PoliticsThe Betrayal

The Betrayal

The Betrayal

Unions should not be lapdogs to a political party; they should be watchdogs for their members' interests - Andy Stern, President Emeritus Service Employees International Union (SEIU)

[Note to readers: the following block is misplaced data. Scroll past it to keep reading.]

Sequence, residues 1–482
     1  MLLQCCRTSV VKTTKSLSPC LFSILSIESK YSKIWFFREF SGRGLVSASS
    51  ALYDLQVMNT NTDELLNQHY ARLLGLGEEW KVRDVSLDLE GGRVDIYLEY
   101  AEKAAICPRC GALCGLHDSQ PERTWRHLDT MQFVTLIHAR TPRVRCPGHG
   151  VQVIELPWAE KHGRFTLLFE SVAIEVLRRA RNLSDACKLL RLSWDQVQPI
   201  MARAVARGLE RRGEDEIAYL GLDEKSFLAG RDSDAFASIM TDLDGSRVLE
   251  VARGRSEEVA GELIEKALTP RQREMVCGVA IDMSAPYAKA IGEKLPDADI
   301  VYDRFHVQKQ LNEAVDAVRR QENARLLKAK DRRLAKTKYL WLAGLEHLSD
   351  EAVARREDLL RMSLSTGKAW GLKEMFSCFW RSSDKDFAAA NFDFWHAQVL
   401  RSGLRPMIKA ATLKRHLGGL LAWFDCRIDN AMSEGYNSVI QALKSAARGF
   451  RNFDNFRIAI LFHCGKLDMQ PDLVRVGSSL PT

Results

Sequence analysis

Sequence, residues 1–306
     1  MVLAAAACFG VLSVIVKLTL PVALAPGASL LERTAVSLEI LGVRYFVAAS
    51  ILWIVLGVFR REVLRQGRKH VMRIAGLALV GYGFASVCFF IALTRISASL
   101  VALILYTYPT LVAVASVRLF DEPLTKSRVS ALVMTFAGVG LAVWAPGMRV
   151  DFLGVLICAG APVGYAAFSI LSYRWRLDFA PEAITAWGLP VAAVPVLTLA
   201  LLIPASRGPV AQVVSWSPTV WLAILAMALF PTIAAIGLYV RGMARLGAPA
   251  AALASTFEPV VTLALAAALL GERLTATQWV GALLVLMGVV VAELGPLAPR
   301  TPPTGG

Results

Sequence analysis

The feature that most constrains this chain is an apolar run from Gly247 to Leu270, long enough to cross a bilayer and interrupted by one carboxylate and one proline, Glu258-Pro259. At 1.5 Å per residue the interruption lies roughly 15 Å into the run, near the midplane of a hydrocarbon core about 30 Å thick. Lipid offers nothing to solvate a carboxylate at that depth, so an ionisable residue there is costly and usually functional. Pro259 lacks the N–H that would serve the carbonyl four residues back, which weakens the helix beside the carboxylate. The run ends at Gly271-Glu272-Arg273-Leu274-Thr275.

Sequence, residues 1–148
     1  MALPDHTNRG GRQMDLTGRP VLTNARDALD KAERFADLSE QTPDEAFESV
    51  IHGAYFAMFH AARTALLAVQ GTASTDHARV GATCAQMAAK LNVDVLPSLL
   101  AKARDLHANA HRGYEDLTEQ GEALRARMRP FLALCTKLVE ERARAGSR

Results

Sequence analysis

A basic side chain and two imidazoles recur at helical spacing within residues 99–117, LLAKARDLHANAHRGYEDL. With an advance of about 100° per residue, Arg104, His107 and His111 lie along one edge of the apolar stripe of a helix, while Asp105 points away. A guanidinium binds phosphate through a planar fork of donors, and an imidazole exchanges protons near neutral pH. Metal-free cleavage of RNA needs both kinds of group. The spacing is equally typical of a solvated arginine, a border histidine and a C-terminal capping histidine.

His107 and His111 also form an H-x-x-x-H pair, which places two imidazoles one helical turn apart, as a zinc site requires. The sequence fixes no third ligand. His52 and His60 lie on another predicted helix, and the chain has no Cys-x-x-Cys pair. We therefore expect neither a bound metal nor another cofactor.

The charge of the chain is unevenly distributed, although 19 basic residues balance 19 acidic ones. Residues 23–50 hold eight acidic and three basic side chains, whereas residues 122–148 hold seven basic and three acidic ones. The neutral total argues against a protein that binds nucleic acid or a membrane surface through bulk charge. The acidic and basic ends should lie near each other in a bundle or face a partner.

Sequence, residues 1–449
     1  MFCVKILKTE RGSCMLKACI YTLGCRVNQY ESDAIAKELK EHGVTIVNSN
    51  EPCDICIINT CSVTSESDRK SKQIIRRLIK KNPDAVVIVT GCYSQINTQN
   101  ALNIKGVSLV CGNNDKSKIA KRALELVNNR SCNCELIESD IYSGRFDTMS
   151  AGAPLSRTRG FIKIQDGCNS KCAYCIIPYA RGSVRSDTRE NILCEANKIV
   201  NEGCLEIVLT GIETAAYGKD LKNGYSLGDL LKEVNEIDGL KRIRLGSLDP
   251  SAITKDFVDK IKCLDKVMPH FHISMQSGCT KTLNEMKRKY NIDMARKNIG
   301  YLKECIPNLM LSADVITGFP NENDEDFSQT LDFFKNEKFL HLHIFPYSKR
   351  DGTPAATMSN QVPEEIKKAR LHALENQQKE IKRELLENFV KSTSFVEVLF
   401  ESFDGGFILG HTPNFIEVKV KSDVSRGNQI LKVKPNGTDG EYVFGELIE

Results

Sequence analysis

Debbie Daviau, President of  the Professional Institute of the Public Service and her executive and Board would do well to review the many writings of Andy Stern regarding where the lines must be drawn between unions and their employers.  Last week in a joint communique with the Trudeau government, Daviau announced that PIPSC will be working with the Liberal Government to “secure a new pay system.” This, in response to the damning report by Canada’s Auditor General regarding the completely avoidable Phoenix pay debacle that has devastated hundreds of thousands of  employees in the federal public service. From my perspective, such a limited action can only be viewed as a deceitful sell out to all federal unionized workers. For the past 3 years public servants have witnessed the denigration of the most sacred of right of workers - the right to be paid accurately and on time, and this joint response is an inadequate response and frankly an insult and a disgrace. By any measure, the Phoenix debacle is a monumental disaster of galactic proportions for Canada’s public service and for Canadians which was brought about by governments disrespect for its own workers. I assure you that public servants do not take solace in joint lip-service that does nothing to remedy the current pathetic state of affairs. It does nothing to help those public servants unable to pay their mortgages, forced to sell their possessions to make ends meet, nor those experiencing the hardships brought about by the unnecessary and undeserved financial distress of incorrect or even non-existent pay. The remedy must go far beyond an open announcement that you are going to work together on a new system? The answer must be that there will be a thorough and complete investigation of the root causes that contributed to such blight on Canada’s public service and an answer to the question of why it happened in the first place. Surely the design of any new system should include an identification of what went wrong?